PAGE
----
The first job I ever loved was at a ten-person startup. There’s something exceptional about functional startup environments. You have access to smart people and an innovative workplace that people at big companies only dream of. Ideas have value. Roadmaps actually change.
Bureaucracy is bullshit, and imagination is king until the cash runs out.
That’s what happened to me. The first job I loved, the one I thought I’d stay at forever? We ran out of money with everyone else in the dot com bubble. It was only my second job out of school, and frankly, I was a little traumatized when I realized that work was fickle. Nothing was guaranteed.
“Never again,” I thought. “No more startups. I’ll go where there are guarantees.” I’m laughing at myself now, too.
Every single time I have worked at a big corporation, it hasn’t taken very long to remember that I have a low tolerance for being a small fish in the big company pond with little power to change anything.
Proof: The last time I tried, I was so annoyed by the end that I started my own company. You can read that story here if you’re interested.
Innovation At Work: Why Aren’t Startups Leading The INNOVATIVE WORKPLACE WAR?
Starting my own company was a test of willpower and prioritization. All of a sudden, I didn’t have a boss to tell me what to do, and I surely didn’t have any rules. Yet one day, I found myself working while sick like I had an empty PTO bank and an angry manager checking up on me.
I thought to myself, “call your boss and ask for the day off then.”Note sarcasm.
As an entrepreneur, I was falling into the corporate hustle and “we’ve always done it that way” mentality.
But why mirror corporate America if you can make something even better? I mean, look around. Nothing will be 100% the same after all of this is said and done. It’s about damn time we break the future of work rules before we create plexiglass lined human zoos once known as open office spaces like this dude is predicting.
As entrepreneurs, we should be the ones trying innovative workplace models. Why can’t we be the people who make things like the 4-day work week a reality? I mean, I can ask my boss and see what she thinks but… me, myself, and I are on the same page.
We’ve all heard we can’t, and we won’t change things. But that’s why most of us start companies in the first place – to change things. As entrepreneurs with no infrastructure or hard rules to follow, we get to break all the rules. Bonus: it’s a lot easier to pilot ideas with three people than 3,000.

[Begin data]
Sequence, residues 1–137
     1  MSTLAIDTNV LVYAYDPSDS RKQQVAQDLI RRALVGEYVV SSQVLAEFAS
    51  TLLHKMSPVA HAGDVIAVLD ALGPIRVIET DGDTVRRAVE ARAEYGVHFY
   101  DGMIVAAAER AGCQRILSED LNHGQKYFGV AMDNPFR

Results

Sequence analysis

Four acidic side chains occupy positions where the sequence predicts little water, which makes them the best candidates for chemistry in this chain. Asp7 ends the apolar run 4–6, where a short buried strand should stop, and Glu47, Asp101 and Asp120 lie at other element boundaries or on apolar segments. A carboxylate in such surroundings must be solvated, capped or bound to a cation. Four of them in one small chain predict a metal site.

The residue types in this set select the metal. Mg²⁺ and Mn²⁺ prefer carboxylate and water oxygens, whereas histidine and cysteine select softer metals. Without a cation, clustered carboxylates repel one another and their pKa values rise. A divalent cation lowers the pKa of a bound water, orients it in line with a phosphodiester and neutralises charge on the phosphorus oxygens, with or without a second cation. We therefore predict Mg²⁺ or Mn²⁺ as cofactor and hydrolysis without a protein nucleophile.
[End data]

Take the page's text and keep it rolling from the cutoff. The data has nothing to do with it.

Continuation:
We can innovate at work and try new things corporate can only dream about. Things like:
Note: “open office concept” is not on the list. Removing privacy and still forcing people to come into an office? That’s not innovation, that’s manipulation.
I don’t even think I’m truly working outside of the box yet, but the benefits are boundless on the programs that are already happening. Click on any of them to see how those programs are working for companies now.
Here’s the bottom line. As entrepreneurs, we’re probably the only people who can change how work operates. We’re the only people who truly can creative innovative workplaces. Let’s push the boundaries.
What’s stopping you – the boss?
Kat Kibben [they/them] is a keynote speaker, writing expert, and LGBTQIA+ advocate who teaches hiring teams how to write inclusive job postings that will get the right person to apply faster.
Before founding Three Ears Media, Katrina was a CMO, Technical Copywriter, and Managing Editor for leading companies like Monster, Care.com, and Randstad Worldwide. With 15+ years of recruitment marketing and training experience, Katrina knows how to turn talented recruiting teams into talented writers who write for people, not about work.
Today, Katrina is frequently featured as an HR and recruiting expert in publications like The New York Times, Chicago Tribune, and Forbes. They’ve been named to numerous lists, including LinkedIn’s Top Voices in Job Search & Careers. When not speaking, writing, or training, you’ll find Katrina traveling the country in their van or spending some much needed downtime with the dogs that inspired the name Three Ears Media.